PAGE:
On my seeing M. d’O—— again after dinner, he told me that if I cared to take fifteen per cent. on my shares, he would take them from me and save broker’s expenses. I thought the offer a good one, and I accepted it, taking a bill of exchange on Tourton & Baur. At the rate of exchange at Hamburg I found I should have seventy-two thousand francs, although at five per cent. I had only expected sixty-nine thousand. This transaction won me high favour with Madame d’Urfe, who, perhaps, had not expected me to be so honest.
In the evening I went with M. Pels to Zaandam, in a boat placed on a sleigh and impelled by a sail. It was an extraordinary, but at the same time an amusing and agreeable, mode of travelling. The wind was strong, and we did fifteen miles an hour; we seemed to pass through the air as swiftly as an arrow. A safer and more convenient method of travelling cannot be imagined; it would be an ideal way of journeying round the world if there were such a thing as a frozen sea all round. The wind, however, must be behind, as one cannot sail on a side wind, there being no rudder. I was pleased and astonished at the skill of our two sailors in lowering sail exactly at the proper time; for the sleigh ran a good way, from the impetus it had already received, and we stopped just at the bank of the river, whereas if the sail had been lowered a moment later the sleigh might have been broken to pieces. We had some excellent perch for dinner, but the strength of the wind prevented us from walking about. I went there again, but as Zaandam is well known as the haunt of the millionaire merchants who retire and enjoy life there in their own way, I will say no more about it. We returned in a fine sleigh drawn by two horses, belonging to M. Pels, and he kept me to supper. This worthy man, whose face bore witness to his entire honesty, told me that as I was now the friend of M. d’O—— and himself, I should have nothing whatever to do with the Jews, but should address myself to them alone. I was pleased with this proposal, which made a good many of my difficulties disappear, and the reader will see the results of this course.
Next day snow fell in large flakes, and I went early to M. d’O——‘s, where I found Esther in the highest of spirits. She gave me a warm welcome, and began to rally me on having spent the whole night with Madame Trenti.
I might possibly have shewn some slight confusion, but her father said an honest man had nothing to be ashamed of in admiring talent. Then, turning to me, he said,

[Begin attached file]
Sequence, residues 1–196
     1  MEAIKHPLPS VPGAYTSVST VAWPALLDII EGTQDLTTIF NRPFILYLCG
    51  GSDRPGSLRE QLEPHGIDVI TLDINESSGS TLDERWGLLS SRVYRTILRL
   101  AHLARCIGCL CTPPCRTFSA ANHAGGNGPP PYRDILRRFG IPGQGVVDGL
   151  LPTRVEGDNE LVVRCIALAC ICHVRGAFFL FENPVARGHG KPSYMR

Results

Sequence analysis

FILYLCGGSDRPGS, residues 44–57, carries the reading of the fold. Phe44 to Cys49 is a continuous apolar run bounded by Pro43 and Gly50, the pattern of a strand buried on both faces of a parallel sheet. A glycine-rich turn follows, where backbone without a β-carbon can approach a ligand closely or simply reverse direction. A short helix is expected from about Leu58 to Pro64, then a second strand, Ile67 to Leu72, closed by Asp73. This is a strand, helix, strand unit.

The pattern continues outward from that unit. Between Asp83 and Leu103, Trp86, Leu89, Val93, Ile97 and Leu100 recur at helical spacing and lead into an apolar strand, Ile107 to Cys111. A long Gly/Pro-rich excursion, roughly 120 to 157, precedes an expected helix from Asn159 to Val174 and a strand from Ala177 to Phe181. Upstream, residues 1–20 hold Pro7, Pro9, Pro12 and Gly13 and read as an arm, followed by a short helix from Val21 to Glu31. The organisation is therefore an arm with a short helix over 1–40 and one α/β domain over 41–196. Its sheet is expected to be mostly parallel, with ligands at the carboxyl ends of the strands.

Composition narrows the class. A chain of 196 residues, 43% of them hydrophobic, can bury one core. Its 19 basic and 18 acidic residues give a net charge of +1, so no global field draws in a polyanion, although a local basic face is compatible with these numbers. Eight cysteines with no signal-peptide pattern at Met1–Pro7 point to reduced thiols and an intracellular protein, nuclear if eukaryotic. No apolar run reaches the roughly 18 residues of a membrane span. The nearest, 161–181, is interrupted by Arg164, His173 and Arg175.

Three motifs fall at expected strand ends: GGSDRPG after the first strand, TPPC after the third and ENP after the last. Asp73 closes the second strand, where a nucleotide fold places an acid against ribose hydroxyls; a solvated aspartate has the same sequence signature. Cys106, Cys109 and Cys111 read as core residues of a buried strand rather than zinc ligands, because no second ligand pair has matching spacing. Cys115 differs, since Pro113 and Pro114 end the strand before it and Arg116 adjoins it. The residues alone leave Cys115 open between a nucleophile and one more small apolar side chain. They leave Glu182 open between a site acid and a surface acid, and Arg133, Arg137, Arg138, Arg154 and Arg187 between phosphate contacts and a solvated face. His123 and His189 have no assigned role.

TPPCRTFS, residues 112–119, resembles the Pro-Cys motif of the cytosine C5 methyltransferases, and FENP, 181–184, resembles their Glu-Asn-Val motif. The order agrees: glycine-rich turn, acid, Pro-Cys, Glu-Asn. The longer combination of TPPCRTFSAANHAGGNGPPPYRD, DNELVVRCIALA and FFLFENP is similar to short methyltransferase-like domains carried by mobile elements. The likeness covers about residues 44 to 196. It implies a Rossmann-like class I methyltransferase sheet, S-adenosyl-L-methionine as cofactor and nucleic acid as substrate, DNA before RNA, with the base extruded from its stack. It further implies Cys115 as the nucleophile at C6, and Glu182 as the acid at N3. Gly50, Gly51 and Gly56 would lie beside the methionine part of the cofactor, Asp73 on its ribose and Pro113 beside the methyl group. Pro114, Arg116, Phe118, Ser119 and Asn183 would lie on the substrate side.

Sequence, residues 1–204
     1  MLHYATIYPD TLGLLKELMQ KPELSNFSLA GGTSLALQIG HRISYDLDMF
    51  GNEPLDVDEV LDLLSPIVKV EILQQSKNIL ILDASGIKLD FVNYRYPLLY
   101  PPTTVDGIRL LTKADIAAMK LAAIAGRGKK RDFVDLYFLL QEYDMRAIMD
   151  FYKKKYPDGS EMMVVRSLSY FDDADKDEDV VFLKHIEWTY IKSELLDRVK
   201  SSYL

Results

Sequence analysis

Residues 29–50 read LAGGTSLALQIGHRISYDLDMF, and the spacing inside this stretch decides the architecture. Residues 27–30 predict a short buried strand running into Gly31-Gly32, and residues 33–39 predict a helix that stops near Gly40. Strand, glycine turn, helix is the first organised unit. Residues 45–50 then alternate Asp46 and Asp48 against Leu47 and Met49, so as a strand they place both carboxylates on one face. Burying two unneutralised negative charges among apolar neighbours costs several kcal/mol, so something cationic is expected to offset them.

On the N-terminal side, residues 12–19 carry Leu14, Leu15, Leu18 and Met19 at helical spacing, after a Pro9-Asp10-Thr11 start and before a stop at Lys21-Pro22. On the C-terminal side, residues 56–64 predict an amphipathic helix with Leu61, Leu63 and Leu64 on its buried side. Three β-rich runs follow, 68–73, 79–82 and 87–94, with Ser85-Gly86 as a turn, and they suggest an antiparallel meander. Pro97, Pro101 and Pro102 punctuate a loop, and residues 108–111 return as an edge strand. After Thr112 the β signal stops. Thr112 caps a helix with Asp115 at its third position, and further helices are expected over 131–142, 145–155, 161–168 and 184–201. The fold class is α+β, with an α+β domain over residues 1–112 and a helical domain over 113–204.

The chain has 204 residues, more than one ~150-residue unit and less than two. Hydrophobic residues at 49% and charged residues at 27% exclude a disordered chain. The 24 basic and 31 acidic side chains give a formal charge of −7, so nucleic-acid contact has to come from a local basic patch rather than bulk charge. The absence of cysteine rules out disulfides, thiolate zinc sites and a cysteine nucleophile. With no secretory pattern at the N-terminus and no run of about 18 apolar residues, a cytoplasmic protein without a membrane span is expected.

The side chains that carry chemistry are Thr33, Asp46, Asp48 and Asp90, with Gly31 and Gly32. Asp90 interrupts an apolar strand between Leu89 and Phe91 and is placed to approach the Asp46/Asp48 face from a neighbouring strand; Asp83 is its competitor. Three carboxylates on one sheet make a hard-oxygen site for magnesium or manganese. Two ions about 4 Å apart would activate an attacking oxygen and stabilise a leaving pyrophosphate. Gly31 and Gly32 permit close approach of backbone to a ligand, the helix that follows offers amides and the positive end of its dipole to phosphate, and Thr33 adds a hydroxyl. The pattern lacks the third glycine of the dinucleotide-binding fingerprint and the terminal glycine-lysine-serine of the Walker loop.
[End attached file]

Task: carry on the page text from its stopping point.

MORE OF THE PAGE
“Tell me, M. Casanova, who this woman is?”
“She is a Venetian whose husband died recently; I knew her when I was a lad, and it was six years since I had seen her last.”
“You were agreeably surprised, then, to see your daughter?” said Esther.
“Why do you think the child is my daughter? Madame Trenti was married then.”
“The likeness is really too strong. And how about your falling asleep yesterday when you were supping with M. Pels?”
“It was no wonder that I went asleep, as I had not closed an eye the night before.”
“I am envious of anyone who possesses the secret of getting a good sleep, for I have always to wait long hours before sleep comes to me, and when I awake, instead of being refreshed, I feel heavy and languid from fatigue.”
“Try passing the night in listening to one in whom you take an interest, telling the story of her life, and I promise you that you will sleep well the night after.”
“There is no such person for me.”
“No, because you have as yet only seen fourteen summers; but afterwards there will be someone.”
“Maybe, but what I want just now is books, and the help of someone who will guide my reading.”
“That would be an easy matter for anyone who knew your tastes.”
“I like history and travels, but for a book to please me it must be all true, as I lay it down at the slightest suspicion of its veracity.”
“Now I think I may venture to offer my services, and if you will accept them I believe I shall be able to give satisfaction.”
“I accept your offer, and shall keep you to your word.”
“You need not be afraid of my breaking it, and before I leave for the Hague I will prove that I am reliable.”
She then began to rally me on the pleasure I should have at the Hague, where I should see Madame Trenti again. Her freedom, mirth, and extreme beauty set my blood on fire, and M. d’O—— laughed heartily at the war his charming daughter waged on me. At eleven o’clock we got into a well-appointed sleigh and we set out for his small house, where she told me I should find Mdlle. Casanova and her betrothed.
“Nevertheless,” said I, “you will continue to be my only attraction.”
She made no answer, but it was easy to perceive that my avowal had not displeased her.
When we had gone some distance we saw the lovers, who had come out, in spite of the snow, to meet us. We got down, and after taking off our furs we entered the house. I gazed at the young gentleman, who looked at me a moment in return and then whispered in Mdlle. Casanova’s ear. She smiled and whispered something to Esther. Esther stepped up to her father and said a few words to him in a low voice, and everybody began to laugh at once. They all looked at me and I felt certain that I was somehow the point of the joke, but I put on an indifferent air.